– Amelia Twine
View this post on Instagram
Sustainable Fashion Week 2022 kicked off this weekend with the SFW Hub; taking over the iconic Bristol Beacon, an incredible line-up of industry speakers explored what sustainability in fashion means, hosted skills workshops and collectively celebrated the joy of clothing.
From greenwashing to a fashion-fuelled health crisis, the Hub explored the production of clothing from seed to highstreet and gave an insight into what changes must be made in order to revolutionise the fashion industry. Author of The Anti-Capitalist Book of Fashion, Tansy E. Hoskins unravelled the threads of the capitalist industry to reveal the truth about our clothes, while Fashion Roundtable and Tamara Cincik examined transparency and the role of government in systemic change, and Fashion Revolution’s Delphine Williot also made an appearance, for the panel discussion People: Seeing the Human Story. Hosted by Sustainably Influenced and with other speakers from Good On You and Labour Behind the Label, the panel dissected our disconnect from the people in “people and planet” and the ways sustainability conversations often forget who made our clothes. Delphine also shared our Good Clothes, Fair Pay campaign that is demanding living wage legislation across the garment and textile industry, and making sure the people who make our clothes are not forgotten.
View this post on Instagram
– Amber Rochette
Amelia describes Sustainable Fashion Week as a ‘community to community’ organisation that celebrates the essential life skill that is sewing. With this message at its core, this year’s flagship event intends to generate action, from the ground up, that supports a change in our relationship with fashion.
Alongside the Hub and SFW Catwalk show, throughout the week community events are popping up across the UK and around the world, including clothes swaps, mending circles, skills workshops, fashion shows and street stitching. There is something for everyone but if you’re unable to attend in person, there are loads of online events you can explore.
Sustainable Fashion Week is taking place from the 16th – 25th September 2022 in Bristol, around the UK and online. For further details and to book events, visit www.sustainablefashionweek.uk/whats-on
During the month of September, the Secondhand September campaign puts pre-loved clothing in the spotlight, as people pledge to only buy secondhand clothing for the duration of the month. The pledge was started by Oxfam, who wanted people to rethink the month that’s usually associated with Fashion Week and encourage them to shop second-hand rather than the latest trends for the approaching Autumn/Winter season.
Shopping secondhand is a practice that has been around for centuries; once confined to local charity shops and resale merchants, thrifting was practiced predominantly by lower-income families who sourced good quality, low cost items that would last. Over time, buying second-hand clothing has gone in and out of style, with peaks including the anti-fashion punk movement of the 1970’s and the rise of alternative style in the 1990’s. Recently, pre-loved clothing has gained popularity as people strive to consume more consciously and embrace the slow fashion movement, with e-commerce platforms like Depop, Vinted and Ebay making it easier than ever to find high quality pieces at a lower price point.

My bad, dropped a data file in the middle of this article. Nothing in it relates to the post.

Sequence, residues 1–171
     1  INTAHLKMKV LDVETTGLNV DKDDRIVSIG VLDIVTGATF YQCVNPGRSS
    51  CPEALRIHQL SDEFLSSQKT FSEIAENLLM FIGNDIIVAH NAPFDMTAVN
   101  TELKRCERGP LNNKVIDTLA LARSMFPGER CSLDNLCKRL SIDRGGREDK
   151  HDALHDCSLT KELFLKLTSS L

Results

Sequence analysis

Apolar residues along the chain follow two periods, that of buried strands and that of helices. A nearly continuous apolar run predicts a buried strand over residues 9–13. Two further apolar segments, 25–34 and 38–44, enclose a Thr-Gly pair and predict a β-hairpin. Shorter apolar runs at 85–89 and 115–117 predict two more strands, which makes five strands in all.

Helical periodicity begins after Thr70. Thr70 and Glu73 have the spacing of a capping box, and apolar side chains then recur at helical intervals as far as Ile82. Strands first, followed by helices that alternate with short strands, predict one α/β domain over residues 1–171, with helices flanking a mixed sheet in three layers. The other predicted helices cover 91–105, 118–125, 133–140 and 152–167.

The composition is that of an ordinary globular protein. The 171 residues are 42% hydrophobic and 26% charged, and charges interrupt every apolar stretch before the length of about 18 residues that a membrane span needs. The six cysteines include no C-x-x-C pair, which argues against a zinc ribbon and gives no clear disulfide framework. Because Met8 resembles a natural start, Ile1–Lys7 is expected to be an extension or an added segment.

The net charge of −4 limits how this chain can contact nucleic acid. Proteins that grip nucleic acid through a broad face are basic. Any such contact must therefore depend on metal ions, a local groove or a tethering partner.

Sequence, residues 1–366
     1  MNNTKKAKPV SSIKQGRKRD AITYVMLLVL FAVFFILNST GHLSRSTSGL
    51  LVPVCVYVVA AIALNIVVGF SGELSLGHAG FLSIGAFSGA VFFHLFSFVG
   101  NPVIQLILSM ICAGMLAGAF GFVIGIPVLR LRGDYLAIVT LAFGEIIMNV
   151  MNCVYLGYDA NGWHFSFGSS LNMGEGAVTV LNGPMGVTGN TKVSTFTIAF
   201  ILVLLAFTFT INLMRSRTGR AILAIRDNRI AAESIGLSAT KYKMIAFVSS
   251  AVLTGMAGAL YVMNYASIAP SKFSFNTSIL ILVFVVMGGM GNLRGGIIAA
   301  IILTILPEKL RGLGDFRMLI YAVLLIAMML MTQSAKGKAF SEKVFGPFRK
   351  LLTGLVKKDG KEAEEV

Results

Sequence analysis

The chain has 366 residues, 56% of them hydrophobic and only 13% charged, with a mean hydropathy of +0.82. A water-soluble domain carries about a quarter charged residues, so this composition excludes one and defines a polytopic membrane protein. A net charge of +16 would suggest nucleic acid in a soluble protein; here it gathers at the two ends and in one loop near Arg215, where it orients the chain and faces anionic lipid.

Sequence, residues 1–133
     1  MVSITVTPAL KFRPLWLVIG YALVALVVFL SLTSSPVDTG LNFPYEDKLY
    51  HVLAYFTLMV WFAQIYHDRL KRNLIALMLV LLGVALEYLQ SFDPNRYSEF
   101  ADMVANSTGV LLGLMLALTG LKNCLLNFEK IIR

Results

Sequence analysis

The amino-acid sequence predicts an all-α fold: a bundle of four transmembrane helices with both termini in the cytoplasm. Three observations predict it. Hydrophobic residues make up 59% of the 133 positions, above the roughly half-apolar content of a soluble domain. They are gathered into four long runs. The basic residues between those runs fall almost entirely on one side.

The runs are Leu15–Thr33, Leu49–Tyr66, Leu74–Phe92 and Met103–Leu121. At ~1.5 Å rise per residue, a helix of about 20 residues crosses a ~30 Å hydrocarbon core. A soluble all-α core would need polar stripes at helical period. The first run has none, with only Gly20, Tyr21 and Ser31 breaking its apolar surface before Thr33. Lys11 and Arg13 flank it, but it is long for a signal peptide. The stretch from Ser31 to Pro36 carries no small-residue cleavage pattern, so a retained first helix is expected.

There are many benefits of shopping second-hand, that are good for both your purse and the planet. By resisting temptation to impulsively stock up on new arrivals and instead opting for pre-loved items, you are not only saving money, but building a deeper relationship with fashion. When you’re no longer chasing the latest must-have items, you can break free from the trend cycle and begin to cultivate your own personal style, which is the key to reducing overconsumption.
Overproduction, overconsumption and waste continues to be a growing challenge caused by the fashion industry’s ‘take, make, dispose’ model where mostly non-renewable materials are extracted, made into products, and ultimately either sent to landfill or incinerated when no longer used. While it is estimated that 100 billion products are made each year, the 2022 Fashion Transparency Index found that just 15% of brands disclose data on the quantity of products made annually, leaving us with no way of understanding the scale of the situation, let alone how to tackle it. And despite many brands championing circular solutions and use of recycled materials, the Index found that only 4% of brands disclose the percentage of products designed to enable closed loop or textile to textile recycling.
Globally, an estimated 92 million tonnes of textiles waste is created each year and, in the UK alone, of the 300,000 tonnes of clothing donated to charity annually, 80% goes to waste. The rise of fast fashion has made overconsumption and disposable clothing our new normal, but we as consumers have the power to change this. By extending the life of garments you can challenge the idea of throwaway fashion, and save clothes from landfill or incineration.
To take part in Secondhand September, first you can pledge to not buy any new clothes for the whole month; you can do this on social media with #SecondhandSeptember and join a network of conscious individuals, which will help keep you inspired and motivated throughout the month. Alternatively, you can write it down and keep it somewhere you’ll see it; on your mirror, by your bed, or even in your purse!